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By Selma Cook
With the current climate of unrest between the Muslim and non-Muslim community as well as the emergence of violent Muslim youth gangs, there is a growing need to accommodate young Muslims in terms of spirituality and skills development.  In response to this need a number of girls’ clubs are popping up around the London south-eastern suburbs.
 
The coordinator of one such club, Um Abdullah, along with her friend, Um Adam, focus on girls between the ages of 13 and 16 but she will accept any girl who would like to attend. Having two teenage girls of her own, Umm Abdullah saw the need to have Dawah sessions and general activities for the Muslim youth. She sees the need to strengthen the girls’ identity so most of the program is formulated and directed by the girls themselves under her cheerful supervision.

 
Commenting on what skills the girls need, Um Abdullah said, ‘Here we teach the girls communication skills including listening skills and public speaking. Many times the girls find it necessary to speak about their beliefs and standards and so we try to help them by giving them impromptu talks and doing role plays.’
 
Peer Pressure
 
Some of the most significant problems occur when the girls are changing from attending an Islamic primary school to attending regular high school. The peer group pressure is enormous but after having attended Islamic primary school the fifteen girls who were present at this particular club evening all agreed that they had a strong foundation in Islamic knowledge, and hence confidence.
 
 One girl related a story of when she attended a camp at her school and she was the only Muslim wearing a scarf. She expressed her experience in a balanced way, pointing out the positive and negative aspects of this trip.
 
Social Interaction
 
Apart from skills development the girls also make firm friendships. Coming from a variety of ethnic backgrounds the girls feel free and comfortable to interact with many kinds of people. One fifteen-year-old commented that she had just taken part in ‘China week’ at her school and had met people from the Chinese community. She related her experience to the other girls who were genuinely interested in this event. The girls are non-judgemental and open to cultures other than their own.
 
As the girls interact throughout their time together it is noticeable how they correct each other’s manners and behaviour and this is done kindly and gently. They are taught to speak honestly and directly and to express themselves clearly.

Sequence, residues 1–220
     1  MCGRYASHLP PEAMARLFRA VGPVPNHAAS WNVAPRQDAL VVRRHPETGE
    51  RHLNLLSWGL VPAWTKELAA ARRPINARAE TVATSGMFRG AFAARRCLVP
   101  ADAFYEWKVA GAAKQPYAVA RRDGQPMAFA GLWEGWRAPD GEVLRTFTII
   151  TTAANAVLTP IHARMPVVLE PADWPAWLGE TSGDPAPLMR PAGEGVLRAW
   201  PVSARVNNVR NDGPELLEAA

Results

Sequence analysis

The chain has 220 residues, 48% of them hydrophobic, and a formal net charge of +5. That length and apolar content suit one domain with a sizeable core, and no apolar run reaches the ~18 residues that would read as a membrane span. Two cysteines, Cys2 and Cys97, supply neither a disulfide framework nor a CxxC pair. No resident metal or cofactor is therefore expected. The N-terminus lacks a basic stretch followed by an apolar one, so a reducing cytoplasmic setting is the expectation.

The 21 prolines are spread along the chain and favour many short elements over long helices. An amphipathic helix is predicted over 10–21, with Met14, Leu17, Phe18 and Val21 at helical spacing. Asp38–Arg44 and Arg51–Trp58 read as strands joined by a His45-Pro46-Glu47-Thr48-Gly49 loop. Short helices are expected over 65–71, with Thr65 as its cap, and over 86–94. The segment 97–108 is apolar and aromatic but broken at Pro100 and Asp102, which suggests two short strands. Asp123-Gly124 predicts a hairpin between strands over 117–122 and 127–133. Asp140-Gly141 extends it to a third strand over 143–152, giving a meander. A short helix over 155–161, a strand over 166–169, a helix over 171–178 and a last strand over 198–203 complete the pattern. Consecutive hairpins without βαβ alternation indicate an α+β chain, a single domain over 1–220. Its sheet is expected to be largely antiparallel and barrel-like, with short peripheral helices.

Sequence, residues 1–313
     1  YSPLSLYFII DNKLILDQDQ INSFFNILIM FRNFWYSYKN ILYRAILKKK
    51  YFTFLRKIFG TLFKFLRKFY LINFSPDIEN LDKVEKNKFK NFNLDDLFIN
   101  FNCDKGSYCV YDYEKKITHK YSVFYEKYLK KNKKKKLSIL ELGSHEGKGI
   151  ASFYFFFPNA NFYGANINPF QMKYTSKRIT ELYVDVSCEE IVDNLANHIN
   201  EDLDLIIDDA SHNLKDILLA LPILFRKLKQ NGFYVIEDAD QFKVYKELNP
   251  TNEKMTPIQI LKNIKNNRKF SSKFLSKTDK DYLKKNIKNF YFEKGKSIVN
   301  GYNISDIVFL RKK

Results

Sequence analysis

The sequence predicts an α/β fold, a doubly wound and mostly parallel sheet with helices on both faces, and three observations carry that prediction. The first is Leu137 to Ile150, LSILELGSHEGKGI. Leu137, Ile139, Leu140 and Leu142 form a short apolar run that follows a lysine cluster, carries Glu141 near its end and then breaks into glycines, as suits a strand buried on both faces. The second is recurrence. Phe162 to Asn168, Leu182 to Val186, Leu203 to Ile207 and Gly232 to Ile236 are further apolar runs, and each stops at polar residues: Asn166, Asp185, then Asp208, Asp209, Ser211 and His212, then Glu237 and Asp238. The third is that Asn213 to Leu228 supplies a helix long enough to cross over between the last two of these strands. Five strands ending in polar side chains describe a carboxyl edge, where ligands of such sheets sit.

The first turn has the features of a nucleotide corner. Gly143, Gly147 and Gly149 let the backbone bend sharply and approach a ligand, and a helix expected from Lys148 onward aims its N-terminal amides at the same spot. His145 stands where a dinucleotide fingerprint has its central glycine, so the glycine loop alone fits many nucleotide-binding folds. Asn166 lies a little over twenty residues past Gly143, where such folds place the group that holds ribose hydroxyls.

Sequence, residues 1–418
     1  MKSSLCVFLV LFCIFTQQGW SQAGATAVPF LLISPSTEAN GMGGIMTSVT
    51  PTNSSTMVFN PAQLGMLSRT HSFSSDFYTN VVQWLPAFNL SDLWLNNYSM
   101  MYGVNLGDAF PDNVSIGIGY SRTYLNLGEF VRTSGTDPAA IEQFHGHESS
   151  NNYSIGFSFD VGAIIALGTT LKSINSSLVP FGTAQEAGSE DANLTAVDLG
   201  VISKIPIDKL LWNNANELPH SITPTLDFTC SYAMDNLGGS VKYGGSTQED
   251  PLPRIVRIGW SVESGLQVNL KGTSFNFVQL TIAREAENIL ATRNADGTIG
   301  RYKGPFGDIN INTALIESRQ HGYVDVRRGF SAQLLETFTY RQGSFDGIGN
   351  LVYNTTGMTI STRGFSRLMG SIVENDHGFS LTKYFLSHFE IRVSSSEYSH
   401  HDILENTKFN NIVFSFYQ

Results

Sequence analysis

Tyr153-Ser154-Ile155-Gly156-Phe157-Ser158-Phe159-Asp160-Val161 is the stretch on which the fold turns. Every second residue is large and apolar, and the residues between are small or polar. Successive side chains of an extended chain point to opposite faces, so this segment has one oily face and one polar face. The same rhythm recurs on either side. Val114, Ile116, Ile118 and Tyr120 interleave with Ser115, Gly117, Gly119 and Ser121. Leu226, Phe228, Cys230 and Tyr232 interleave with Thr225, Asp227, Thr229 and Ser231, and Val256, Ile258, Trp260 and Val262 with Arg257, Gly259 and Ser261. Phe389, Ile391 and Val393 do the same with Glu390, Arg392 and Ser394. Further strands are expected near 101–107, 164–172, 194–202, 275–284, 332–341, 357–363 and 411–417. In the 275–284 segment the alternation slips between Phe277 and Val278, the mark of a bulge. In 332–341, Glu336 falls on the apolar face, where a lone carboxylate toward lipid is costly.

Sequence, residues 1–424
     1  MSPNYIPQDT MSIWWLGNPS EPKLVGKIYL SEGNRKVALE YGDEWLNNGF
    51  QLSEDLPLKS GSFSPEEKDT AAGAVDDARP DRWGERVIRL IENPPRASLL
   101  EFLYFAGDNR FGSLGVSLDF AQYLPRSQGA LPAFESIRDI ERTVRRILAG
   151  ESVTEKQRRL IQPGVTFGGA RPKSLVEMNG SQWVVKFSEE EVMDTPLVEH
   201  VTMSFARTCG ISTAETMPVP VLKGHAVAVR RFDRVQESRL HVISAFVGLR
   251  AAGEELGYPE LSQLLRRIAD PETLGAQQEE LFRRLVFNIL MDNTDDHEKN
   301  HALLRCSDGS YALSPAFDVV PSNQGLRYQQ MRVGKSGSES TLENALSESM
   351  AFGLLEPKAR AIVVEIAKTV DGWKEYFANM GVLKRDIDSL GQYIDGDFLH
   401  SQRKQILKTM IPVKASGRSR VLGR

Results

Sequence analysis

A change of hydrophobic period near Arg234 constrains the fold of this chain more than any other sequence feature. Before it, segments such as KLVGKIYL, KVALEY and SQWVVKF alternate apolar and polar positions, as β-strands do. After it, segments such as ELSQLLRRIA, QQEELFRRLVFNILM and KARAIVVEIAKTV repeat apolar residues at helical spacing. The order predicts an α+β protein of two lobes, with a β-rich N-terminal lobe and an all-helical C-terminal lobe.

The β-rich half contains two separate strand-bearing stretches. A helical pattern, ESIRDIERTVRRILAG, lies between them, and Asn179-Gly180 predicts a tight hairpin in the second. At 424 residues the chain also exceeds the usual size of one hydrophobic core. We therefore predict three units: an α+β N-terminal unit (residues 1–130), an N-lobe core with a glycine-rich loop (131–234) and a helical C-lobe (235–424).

Um Abdullah added, ‘This club gives the girls an opportunity to tell their news and talk about their problems and achievements. For many it is the only time they feel free to do this.’ 
 
Many of the girls come from single parent families and there is a close bond between them and their mothers. One girl’s mother commented, ‘Parents are very worried about their teenagers and we are willing to do anything to keep them on the right way.’
 
The same, however, can not be said for the boys. Um Abdullah commented, ‘We have been trying for ages to get the brothers involved in organizing this kind of thing for the boys but everyone has an excuse.’ As it is not acceptable in the UK Muslim community for women to organize groups and activities for young men, many of the male youth are getting involved in gangs and quite a few are getting into trouble with the law.
 
Girls' Experience!
 
The girls’ club organizes activities like Dawah sessions, role plays, speeches, communication, trips, sports, cookery, makeovers, and fashion shows. In an informal friendly setting the girls learn and experience the spirit of Islam. The girls were unanimous in their comments about the after-school madrases that many of them attend saying that they are ‘formal and dry and totally not enjoyable’.
 
I had the pleasure of asking this group of girls some questions and this is what they said:
 
Q. What is good about living in the UK?
 
A. Education! Compared to France, the UK is free and allows us to wear hijab. In the UK we have swimming and there are laws to protect your rights.
 
Also, here we are free to express ourselves. But there aren’t a lot of Muslims and so we get stared at a lot and there are bad influences and sometimes families are broken up or far apart. You have to be strong to live here but it’s hard to be Muslim anywhere in the world.
 
Q. Why are some Muslims violent?
 
A. There is a lack of education and it must have something to do with the way they were raised. Sometimes people become Muslim for the wrong reasons. Some people are attracted to Islam because the Muslims help each other and protect each other. And sometimes it’s cool to be Muslim and being in a Muslim gang; it’s like one big family taking care of each other. But Islam is telling us not to hate.
 
Q. What would make it easier to be Muslim in the UK?
 
A. Some Muslim women don’t dress properly and that makes us feel shy because then non-Muslims think all Muslims should be like those who don’t dress properly. Girls who are practicing are always being compared to girls who aren’t.
 
If the media was more objective, people would not think so many negative things about us. We have to continually prove ourselves and tell people that we are not violent and that we are not oppressed!
 
We also need more classes and activities and we want to get more involved in humanitarian work. People think we can’t do anything. Sometimes they think we can’t speak English properly.
 
We also want to be closer to our families but there aren’t many activities for families to attend together.   


This article was first published on youth 4 the future at islamonline.net


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